The truth that’s known and accepted, as Humpty Dumpty would say, will always be power’s truth, and we will always be like Alice asking questions, breaking the molds, ignoring the admonitions to remain quiet or to be silent, disobedient, even of ourselves, using the word and our bodies to move forward.
The indignado movement is a space where the Honduran people have come together on a massive scale, and it is the harnessing of popular discontent and of responses to the fragrant violations to human rights we’ve seen grow in intensity since the coup d’etat in 2009.
On a day like today five years ago, I woke up with the noise of military planes crisscrossing the skies, and without light, without water, without news. It was June 28, 2009 and the chronicles of the impossible were yet to be written. In the entire world, even in Honduras, our generation thought that coups d’état had passed into history. We were wrong.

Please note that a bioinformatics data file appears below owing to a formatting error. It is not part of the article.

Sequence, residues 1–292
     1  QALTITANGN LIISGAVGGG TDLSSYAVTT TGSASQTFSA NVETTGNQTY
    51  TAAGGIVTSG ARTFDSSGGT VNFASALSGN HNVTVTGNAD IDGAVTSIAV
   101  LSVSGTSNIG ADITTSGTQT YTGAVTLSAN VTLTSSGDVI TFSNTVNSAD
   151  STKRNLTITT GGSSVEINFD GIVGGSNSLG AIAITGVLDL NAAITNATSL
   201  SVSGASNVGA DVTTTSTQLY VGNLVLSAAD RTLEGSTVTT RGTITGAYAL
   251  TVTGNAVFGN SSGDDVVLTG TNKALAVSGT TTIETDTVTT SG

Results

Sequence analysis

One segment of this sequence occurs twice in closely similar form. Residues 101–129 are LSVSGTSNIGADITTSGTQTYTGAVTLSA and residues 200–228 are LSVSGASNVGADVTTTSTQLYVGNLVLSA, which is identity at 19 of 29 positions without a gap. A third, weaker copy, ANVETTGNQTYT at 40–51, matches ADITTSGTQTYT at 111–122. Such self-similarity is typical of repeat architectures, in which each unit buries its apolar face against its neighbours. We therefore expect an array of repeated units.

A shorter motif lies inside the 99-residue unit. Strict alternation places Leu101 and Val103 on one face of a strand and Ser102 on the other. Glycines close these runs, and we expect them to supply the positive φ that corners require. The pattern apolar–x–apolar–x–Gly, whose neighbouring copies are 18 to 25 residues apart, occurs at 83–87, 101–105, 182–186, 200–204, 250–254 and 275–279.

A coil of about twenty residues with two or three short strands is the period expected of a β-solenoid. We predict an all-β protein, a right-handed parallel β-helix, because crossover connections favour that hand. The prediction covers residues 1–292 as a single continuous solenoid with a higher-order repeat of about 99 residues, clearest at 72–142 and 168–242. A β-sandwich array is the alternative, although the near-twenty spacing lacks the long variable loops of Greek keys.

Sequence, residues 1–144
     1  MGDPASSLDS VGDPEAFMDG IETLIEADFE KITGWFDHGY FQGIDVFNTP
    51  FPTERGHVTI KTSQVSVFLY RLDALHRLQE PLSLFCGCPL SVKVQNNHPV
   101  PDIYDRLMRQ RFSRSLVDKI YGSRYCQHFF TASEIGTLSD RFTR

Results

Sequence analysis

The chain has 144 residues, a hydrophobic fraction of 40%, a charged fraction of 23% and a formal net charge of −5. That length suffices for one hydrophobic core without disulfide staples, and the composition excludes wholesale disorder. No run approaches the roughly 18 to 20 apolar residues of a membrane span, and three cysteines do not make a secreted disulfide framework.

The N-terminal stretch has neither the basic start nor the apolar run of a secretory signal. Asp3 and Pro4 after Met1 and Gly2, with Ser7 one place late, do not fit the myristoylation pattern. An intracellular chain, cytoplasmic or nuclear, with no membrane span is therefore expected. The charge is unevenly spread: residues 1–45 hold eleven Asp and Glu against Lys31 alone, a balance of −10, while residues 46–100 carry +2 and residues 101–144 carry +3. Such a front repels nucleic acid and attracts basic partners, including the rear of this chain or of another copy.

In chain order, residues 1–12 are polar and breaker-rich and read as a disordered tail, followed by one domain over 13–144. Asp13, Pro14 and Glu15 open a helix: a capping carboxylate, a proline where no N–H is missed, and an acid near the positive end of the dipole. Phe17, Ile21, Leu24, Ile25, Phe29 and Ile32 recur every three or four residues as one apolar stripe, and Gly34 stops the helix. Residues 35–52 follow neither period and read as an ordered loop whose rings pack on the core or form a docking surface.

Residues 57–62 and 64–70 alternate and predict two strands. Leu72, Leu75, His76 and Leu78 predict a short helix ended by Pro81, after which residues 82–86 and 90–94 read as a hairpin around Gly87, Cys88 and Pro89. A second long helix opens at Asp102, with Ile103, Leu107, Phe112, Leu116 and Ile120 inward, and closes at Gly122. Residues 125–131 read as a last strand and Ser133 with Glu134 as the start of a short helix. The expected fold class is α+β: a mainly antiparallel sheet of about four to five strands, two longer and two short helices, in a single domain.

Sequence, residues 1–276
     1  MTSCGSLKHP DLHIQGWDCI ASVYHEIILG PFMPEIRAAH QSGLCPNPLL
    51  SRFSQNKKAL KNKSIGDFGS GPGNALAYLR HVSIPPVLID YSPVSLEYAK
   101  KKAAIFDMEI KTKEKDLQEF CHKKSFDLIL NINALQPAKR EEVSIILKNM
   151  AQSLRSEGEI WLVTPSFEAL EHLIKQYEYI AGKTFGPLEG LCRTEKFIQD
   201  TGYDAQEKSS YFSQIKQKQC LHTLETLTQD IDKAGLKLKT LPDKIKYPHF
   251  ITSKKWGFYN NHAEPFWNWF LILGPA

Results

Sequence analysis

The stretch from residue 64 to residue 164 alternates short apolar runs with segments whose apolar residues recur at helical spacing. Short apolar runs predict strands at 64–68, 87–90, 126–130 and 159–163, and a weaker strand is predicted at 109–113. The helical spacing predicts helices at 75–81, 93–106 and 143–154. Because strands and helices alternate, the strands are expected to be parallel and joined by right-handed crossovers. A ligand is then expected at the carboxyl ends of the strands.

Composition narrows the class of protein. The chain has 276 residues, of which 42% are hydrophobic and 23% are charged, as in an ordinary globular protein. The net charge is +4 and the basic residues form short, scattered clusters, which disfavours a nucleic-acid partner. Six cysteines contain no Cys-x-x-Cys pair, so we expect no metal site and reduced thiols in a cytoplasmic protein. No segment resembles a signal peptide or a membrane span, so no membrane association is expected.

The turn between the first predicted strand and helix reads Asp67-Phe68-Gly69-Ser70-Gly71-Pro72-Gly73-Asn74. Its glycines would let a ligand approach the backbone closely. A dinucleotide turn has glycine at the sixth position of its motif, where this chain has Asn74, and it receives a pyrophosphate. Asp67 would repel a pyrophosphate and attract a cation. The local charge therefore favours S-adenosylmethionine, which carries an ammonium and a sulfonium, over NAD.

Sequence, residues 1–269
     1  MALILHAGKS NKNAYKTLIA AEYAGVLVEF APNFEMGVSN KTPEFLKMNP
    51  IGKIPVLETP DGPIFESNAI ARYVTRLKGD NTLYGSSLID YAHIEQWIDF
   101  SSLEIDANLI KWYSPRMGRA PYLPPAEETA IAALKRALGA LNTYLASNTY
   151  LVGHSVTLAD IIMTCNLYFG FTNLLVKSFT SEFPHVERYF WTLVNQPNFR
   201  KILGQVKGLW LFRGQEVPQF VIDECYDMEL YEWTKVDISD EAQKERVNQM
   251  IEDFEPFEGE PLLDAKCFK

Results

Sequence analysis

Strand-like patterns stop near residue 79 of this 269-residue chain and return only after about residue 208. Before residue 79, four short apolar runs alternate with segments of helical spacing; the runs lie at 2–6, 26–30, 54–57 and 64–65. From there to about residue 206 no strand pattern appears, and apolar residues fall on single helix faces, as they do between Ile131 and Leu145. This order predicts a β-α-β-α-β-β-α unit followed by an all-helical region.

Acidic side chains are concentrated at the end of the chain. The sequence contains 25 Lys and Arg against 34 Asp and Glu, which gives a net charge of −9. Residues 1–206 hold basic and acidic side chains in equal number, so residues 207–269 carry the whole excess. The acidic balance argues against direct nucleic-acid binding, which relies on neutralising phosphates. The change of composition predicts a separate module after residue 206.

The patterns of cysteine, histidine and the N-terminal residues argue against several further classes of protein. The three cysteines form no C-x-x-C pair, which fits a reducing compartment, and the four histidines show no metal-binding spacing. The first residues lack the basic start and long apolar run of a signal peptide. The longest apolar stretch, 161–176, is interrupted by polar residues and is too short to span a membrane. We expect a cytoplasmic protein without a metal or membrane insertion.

In Honduras, there is an institutional crisis and society lives in an atmosphere of panic. Isn’t it ironic that we’re being attacked by the same forces the government says are responsible for guarding our personal integrity and our lives?
For ten days, men and women walked many kilometers toward the capital of Honduras, making stops along the way, accompanied by people who joined in solidarity. Called “Step by Step for Dignity and National Sovereignty”, the walkers demanded the derogation of the Law of Special Development Regions, freedom for Chavelo Morales, derogation of the Mining Law and cancelation of environmental edicts that privatize water, energy and natural resources. Indigenous, Afro-Honduran, peasant women, and feminists formed the core of the Walk for Dignity.
Yesterday I lost my son. My son will be turning two and has a beautiful name that means message or word. Born into a period of violence because of the coup in Honduras, he…
“Hágase justicia aunque el mundo perezca” (“Let justice be served, even as the world perishes”) was the motto written above the entrance to the penitentiary that burnt to the ground in Honduras, trapping and killing hundreds. We have to ask: What kind of justice did they have in mind when they placed that line on the door to the jail?